China defends its Covid response after WHO, Biden concerns

BEIJING: After US President Joe Biden expressed his concern and the World Health Organization (WHO) said Beijing was underreporting viral deaths, China defended its management of the raging COVID-19 outbreak on Thursday.

In some of the UN agency’s harshest criticisms yet, the WHO’s director for emergencies, Mike Ryan, claimed on Wednesday that Chinese officials were underrepresenting data on a number of fronts.

Following protests, China abandoned its strict COVID rules last month, ending a policy that had protected its 1.4 billion people for three years from the virus.

Mao Ning, a spokesperson for the Chinese foreign ministry, stated during a routine media conference in Beijing that China has transparently and promptly shared COVID data with the WHO and that the “epidemic situation is controllable” in China.

“Facts have shown that China has always maintained close communication and exchanged pertinent information and data with the WHO in a timely manner, in accordance with the principles of legality, timeliness, openness, and transparency,” Mao added.

China reported one additional COVID death on the mainland on Wednesday, down from five the day before, bringing the total number of confirmed deaths to 5,259 as of this writing.

Ryan argued that Beijing’s definition of COVID-related mortality was excessively restrictive and that China’s statistics underrepresented hospital admissions, patients in intensive care units, and deaths.

A few hours later, US Vice President Joe Biden expressed alarm over China’s response to a COVID outbreak that is overrunning some funeral homes and flooding hospitals.

When we indicate that they haven’t been all that forthcoming, they are “quite sensitive,” Biden told reporters.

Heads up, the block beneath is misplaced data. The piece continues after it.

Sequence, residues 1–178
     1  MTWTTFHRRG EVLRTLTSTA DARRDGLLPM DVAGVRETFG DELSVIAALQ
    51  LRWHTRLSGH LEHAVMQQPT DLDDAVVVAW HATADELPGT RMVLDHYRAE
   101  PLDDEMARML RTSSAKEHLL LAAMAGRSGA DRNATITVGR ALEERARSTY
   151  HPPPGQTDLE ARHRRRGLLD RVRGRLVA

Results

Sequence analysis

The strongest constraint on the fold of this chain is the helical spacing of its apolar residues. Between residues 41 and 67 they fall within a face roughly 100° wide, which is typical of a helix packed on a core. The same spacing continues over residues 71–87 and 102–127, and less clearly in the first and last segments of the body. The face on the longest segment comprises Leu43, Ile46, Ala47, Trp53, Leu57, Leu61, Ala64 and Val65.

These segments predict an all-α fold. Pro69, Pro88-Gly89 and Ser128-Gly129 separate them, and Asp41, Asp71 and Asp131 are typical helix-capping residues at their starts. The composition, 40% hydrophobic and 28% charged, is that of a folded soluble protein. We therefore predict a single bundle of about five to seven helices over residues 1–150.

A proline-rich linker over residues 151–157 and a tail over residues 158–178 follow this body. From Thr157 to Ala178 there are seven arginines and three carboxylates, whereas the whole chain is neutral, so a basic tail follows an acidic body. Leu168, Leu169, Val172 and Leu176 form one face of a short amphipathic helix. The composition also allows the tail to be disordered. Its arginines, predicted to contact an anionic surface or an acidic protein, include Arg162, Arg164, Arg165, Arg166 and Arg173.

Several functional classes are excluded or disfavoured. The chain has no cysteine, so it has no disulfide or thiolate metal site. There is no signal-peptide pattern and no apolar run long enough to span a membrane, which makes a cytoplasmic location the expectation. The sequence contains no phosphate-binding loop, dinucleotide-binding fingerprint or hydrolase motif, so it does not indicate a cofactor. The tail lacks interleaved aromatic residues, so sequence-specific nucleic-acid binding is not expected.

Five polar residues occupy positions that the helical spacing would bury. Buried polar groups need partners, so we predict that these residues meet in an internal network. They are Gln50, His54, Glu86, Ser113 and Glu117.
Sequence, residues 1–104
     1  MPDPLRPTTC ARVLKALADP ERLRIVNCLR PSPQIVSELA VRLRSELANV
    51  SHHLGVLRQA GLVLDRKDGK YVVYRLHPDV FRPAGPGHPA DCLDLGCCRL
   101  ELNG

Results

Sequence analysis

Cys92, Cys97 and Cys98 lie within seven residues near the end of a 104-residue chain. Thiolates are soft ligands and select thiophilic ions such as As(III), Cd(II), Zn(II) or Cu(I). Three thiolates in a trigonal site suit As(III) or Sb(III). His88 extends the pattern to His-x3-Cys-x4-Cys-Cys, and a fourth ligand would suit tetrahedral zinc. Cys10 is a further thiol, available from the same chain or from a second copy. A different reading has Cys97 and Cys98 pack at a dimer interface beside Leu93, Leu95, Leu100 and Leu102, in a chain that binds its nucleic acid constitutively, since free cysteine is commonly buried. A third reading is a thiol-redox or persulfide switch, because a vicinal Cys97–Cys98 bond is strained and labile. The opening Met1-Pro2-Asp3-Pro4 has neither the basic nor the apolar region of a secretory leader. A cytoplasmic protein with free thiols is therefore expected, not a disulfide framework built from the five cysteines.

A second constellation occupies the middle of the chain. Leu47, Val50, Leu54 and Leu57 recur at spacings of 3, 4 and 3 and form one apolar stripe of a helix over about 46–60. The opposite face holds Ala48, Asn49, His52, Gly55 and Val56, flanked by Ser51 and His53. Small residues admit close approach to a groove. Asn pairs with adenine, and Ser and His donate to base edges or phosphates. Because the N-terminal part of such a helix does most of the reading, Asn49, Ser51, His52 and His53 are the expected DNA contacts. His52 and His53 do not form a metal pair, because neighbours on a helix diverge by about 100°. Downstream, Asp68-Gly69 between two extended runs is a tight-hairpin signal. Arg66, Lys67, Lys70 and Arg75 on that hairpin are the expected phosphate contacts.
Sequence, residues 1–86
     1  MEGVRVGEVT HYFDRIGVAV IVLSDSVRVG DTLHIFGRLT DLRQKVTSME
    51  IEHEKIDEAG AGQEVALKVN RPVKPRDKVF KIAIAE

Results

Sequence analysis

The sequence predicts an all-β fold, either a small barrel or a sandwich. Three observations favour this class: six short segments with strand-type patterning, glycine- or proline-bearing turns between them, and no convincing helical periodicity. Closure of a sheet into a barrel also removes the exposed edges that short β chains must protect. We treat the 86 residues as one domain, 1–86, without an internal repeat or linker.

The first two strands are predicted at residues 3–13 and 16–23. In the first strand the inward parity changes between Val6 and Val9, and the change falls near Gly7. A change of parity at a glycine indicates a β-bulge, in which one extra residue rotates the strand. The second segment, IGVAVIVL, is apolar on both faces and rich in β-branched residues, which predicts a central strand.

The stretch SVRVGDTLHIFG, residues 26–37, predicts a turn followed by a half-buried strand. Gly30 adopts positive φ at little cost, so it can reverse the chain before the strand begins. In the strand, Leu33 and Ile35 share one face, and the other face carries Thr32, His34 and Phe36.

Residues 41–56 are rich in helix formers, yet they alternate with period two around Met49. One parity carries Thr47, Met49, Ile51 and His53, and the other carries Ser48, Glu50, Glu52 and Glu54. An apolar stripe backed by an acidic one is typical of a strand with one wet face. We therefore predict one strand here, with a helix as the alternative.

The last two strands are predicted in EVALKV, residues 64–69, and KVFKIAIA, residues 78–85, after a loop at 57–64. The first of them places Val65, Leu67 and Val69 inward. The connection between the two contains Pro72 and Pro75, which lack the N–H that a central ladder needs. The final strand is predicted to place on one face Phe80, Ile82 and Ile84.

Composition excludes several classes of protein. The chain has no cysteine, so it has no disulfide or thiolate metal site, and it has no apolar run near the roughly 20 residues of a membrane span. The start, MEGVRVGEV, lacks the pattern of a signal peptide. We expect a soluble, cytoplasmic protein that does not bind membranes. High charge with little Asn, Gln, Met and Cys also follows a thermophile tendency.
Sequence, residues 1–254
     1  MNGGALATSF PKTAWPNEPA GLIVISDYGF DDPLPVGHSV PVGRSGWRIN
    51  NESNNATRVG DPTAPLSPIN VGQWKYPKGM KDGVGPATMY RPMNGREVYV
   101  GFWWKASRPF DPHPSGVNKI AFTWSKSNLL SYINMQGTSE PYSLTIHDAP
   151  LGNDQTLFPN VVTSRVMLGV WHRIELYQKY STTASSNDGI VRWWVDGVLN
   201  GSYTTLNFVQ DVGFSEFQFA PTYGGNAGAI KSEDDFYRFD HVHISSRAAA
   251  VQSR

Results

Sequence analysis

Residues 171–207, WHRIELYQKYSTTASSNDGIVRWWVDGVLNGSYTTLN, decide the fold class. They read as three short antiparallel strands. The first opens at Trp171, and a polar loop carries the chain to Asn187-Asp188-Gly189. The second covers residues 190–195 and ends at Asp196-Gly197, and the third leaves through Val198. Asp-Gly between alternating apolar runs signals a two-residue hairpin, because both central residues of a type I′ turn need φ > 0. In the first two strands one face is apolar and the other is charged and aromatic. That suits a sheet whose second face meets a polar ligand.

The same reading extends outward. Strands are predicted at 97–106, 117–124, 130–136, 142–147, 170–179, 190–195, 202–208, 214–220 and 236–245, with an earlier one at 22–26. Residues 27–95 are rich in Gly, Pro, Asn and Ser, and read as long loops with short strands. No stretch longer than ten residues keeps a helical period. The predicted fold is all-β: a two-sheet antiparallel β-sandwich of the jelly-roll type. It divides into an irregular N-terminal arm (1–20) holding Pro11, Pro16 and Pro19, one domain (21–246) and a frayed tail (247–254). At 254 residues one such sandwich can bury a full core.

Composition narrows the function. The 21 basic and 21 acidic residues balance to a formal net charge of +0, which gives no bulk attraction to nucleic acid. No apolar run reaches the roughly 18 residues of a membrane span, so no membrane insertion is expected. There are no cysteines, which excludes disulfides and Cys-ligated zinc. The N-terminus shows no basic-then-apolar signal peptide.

Similar worries were expressed by the French health minister, while German Health Minister Karl Lauterbach expressed worry about a new COVID subvariant related to an increase in hospitalizations in the US.

OVERFLOWN HOSPITAL More than a dozen nations have put restrictions on visitors from China, including the United States. On Thursday, Germany announced stricter regulations.

The border between China and its special administrative territory of Hong Kong will reopen on Sunday for the first time in three years, according to China, which has criticized such border controls.

The Hong Kong government announced late on Thursday that ferry services between the city and Macau, the epicenter of gambling, would also start up again on the same day.

Cathay Pacific Airways of Hong Kong announced on Thursday that it would more than treble its number of flights to mainland China.

Later this month, millions of people will travel within China for the Lunar New Year holiday; the WHO has warned that if vaccination rates aren’t raised and other safeguards aren’t taken, this might result in a new wave of infections.

China has downplayed how serious the issue is. According to doctor interviews, the state-run Global Times reported on Wednesday that COVID had peaked in Beijing and other cities.

However, a Reuters witness reported that on Thursday, patients on beds lined the hallways leading to the emergency room and main lobby of a hospital in the Shanghai suburb of Qingpu, the majority of whom were old and several of whom were using oxygen tanks to breathe.

Patients would typically have to wait five hours to be seen, according to a notice board.

Staff declared one elderly patient dead and pinned a letter with the words “respiratory failure” to the body that was lying on the ground.

Police were on guard in front of a neighboring cremation where mourners were waiting to pick up the ashes of loved ones while carrying wreaths.

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